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Author: Young people caught in 'nightmarish experiment'

Winner of the Pulitzer Prize for fiction, Junot Díaz shared with an Elon University audience on Tuesday his approach to writing, his concerns about the way minorities are marginalized in the United States - and how he thinks American youth can change the world.

Junot Diaz on Sept. 10 read a brief excerpt from the chapter "Wildwood" in his Pulitzer Prize-winning novel, "The Brief Wondrous Life of Oscar Wao."

Junot Díaz didn’t spend much time reading from his critically acclaimed work Tuesday evening when he visited Elon University as a guest of the Liberal Arts Forum.

In fact, he didn’t even carry a book onstage. Moments after taking the podium in McCrary Theatre, Díaz asked a student seated in the front row if he could borrow a copy of “The Brief Wondrous Life of Oscar Wao,” from which he recited a brief excerpt detailing a mother’s discovery of breast cancer with the help of her teenage daughter.

That tale of the two fictional Dominican immigrants living in New Jersey set the tone for the rest of the hour as Díaz answered questions from an audience wanting to know more about his writing process, his inspirations, and his views on minority representation in literature and film.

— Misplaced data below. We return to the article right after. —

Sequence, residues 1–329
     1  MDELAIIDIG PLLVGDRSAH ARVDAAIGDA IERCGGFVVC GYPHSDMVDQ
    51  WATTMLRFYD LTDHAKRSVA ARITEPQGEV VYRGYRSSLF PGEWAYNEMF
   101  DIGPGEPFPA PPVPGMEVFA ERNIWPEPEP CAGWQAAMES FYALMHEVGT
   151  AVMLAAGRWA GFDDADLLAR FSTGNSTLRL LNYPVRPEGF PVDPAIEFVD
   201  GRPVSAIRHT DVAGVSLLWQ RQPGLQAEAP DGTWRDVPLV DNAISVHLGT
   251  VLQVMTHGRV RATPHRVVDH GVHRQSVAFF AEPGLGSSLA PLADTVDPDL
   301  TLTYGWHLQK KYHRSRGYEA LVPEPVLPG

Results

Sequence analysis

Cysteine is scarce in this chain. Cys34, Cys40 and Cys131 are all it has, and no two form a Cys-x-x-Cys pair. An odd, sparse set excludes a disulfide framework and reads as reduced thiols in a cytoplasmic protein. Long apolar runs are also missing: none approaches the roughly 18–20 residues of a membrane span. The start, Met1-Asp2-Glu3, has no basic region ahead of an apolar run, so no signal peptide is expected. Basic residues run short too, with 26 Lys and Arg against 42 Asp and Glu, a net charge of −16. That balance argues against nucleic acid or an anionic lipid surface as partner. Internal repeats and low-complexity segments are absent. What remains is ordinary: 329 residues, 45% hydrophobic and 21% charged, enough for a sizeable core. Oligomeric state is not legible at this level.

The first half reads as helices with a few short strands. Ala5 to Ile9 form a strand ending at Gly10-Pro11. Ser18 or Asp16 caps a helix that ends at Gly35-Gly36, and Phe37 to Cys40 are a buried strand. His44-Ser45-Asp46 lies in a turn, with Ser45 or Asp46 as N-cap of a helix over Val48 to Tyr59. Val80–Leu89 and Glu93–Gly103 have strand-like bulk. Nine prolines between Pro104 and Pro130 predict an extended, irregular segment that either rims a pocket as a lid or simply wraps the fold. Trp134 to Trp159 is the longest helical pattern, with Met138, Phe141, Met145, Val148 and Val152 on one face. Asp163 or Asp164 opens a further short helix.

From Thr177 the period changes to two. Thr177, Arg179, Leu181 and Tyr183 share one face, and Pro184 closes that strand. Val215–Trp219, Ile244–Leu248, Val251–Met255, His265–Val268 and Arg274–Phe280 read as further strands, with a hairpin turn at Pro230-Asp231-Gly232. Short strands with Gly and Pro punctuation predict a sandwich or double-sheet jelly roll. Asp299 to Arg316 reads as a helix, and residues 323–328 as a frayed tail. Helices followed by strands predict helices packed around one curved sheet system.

The Pulitzer Prize winner and MacArthur Fellow didn’t disappoint in a presention aptly titled "A Brief Wondrous Evening with Junot Díaz."

Likening his prose to other forms of art, Díaz started his conversation with the crowded auditorium by explaining how quality writing arises from the opposite approach that colleges teach students.

“What makes our talent possible is just absolute glorious strings of mistakes, the absolute reversal of everything you learn in college,” Díaz said. “Part of my writing process is making just endless mistakes and throwing away a lot of stuff. If you’re a controlling person who hates making mistakes, art is a really bad gig for you.”

Born in the Dominican Republic and raised in New Jersey, Diaz has penned three books: “Drown,” the Pulitzer Prize-winning “The Brief Wondrous Life of Oscar Wao,” and “This Is How You Lose Her,” a New York Times bestseller and National Book Award finalist.

Díaz’s notable accomplishments include the receipt of a MacArthur “Genius” Fellowship, PEN/Malamud Award, Dayton Literary Peace Prize, Guggenheim Fellowship, and PEN/O. Henry Award.  A graduate of Rutgers, Díaz is currently the fiction editor at Boston Review and the Rudge and Nancy Allen Professor of Writing at the Massachusetts Institute of Technology.

He also is the cofounder of Voices of Our Nation Workshop, a multi-genre workshop for writers of color that provides a place for developing writers “to explore their craft in an atmosphere of support and understanding.”

His Sept. 10 appearance was the first event this year hosted by the Liberal Arts Forum, a student-run and Student Government Association-funded program that brings to campus each year guests who foster conversations about current interdisciplinary topics.